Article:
Yes, the purpose of a business is to make money, and if that is your passion – then go for it!
Some people love flowers, and they turn that passion into starting a florist business. My knowledge of flowers is dismal, and any attempt on my part to start and operate a flower business would be unwise, to say the least. So, despite that ‘only reason to do business is to make money’ philosophy, I would most likely fail to make any money at being a florist.
Regardless of whether they are turning a hobby, or even a unique talent into a business, business owners start with a passion and a desire to make it available to others. It’s how businesses get started. Making money comes later.
Back to reality
However – many business owners sooner or later get quietly disillusioned. They started their business with a great idea – a passion – but they soon fall into the money trap. Once caught, it is hard to escape. Idealism eventually turns into routine, and that’s when the owner’s view on business drastically changes. Sooner or later, these business owners realise (rightly or wrongly) that there isn’t one problem in a company that cannot be solved by applying money to it. It may be to fix a problem. It may be to make a problem go away or to even avert a crisis. Regardless, if you are a florist, a world with not enough flowers is not a solution to any business-related problem. That’s when they realise – consciously or subconsciously – they are not in business to colour the world with flowers – they are in business for one reason and one reason only, and that is – to make money. Once they lose sight of their original passion, the downward spiral usually begins.
You may be thinking that this will not happen to you or to your business, that you’ll stay true to your dream, and it will, while things are going well. However, all companies experience problems from time to time. So, what happens then?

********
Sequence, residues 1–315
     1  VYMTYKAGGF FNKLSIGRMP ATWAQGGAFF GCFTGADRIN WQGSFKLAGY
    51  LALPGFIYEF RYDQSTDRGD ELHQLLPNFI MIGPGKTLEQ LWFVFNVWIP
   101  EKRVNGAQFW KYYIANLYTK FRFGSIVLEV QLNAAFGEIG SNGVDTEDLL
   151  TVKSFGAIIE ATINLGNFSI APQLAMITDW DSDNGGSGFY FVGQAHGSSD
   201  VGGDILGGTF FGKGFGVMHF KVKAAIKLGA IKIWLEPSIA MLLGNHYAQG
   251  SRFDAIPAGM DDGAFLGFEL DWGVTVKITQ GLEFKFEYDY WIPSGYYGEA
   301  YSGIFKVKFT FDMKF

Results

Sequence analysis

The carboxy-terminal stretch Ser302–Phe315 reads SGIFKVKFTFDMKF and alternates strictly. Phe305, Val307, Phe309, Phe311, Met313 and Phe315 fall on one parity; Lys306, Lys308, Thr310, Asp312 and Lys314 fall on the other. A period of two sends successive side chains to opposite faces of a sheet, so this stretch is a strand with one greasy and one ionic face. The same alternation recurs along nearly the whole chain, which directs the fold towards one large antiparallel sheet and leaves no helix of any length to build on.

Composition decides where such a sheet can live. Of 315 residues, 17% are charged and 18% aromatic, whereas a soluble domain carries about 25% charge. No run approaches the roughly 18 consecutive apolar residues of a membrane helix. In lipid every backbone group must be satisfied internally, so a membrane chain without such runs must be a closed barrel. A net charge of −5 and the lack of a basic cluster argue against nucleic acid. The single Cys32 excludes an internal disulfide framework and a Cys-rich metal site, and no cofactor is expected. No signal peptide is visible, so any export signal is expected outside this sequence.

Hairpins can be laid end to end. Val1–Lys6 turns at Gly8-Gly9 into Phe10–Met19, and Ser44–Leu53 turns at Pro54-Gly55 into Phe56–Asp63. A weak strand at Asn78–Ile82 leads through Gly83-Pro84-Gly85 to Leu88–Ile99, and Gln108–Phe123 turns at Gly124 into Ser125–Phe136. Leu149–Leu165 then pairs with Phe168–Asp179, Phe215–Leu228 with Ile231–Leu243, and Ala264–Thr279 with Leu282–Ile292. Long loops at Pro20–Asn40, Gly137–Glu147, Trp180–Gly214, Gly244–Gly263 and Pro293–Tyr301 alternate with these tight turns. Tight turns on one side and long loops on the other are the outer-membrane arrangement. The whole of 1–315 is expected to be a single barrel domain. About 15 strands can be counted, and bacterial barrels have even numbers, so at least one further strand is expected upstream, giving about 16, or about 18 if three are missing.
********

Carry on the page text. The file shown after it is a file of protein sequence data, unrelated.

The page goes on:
This is when business owners apply for Lines of Credit (LOC) as an available source of funds. Some even use their collected GST/HST, their Corporate Tax reserves or even Employee Source Deductions, as readily available sources of funds to see themselves past a messy period that they created. Unfortunately, when business owners consider these reserves as revenue – business failure is often imminent.
In contrast, Public Corporations work slightly differently – right from the get-go, their purpose is to make money – lots of it – the more, the better.
Public Corporations fully understand the concept of how money works, but in their case, their size and quasi-monopoly (also known as business momentum) keeps them in business. Can you imagine a telephone company shutting down? It can’t happen – there is too much at stake. For all intents and purposes, it is a ‘vital’ service.
Public corporations are solely in business to make money. Outwardly, they are seen to provide a commodity or a service – but they cater only to their own desire to pamper their investors (people who buy stocks or shares in the company). Incidentally, investors do not particularly care what the corporation does, or how it does it. They are only there to maximise their ROI (Return on Investment).
The corporation only exists to capture as much market share as it possibly can. The plan is to extract as much money as possible from customers in order to satisfy the investors in such a manner as to make both parties feel they are getting their money’s worth. It’s a balancing act that caters to two masters.
Money is just a simplistic way to measure your success. If you have to review your Balance Sheet to see how happy you are, perhaps you need to take a step back, look at life and the reasons why you decided to get into business in the first place.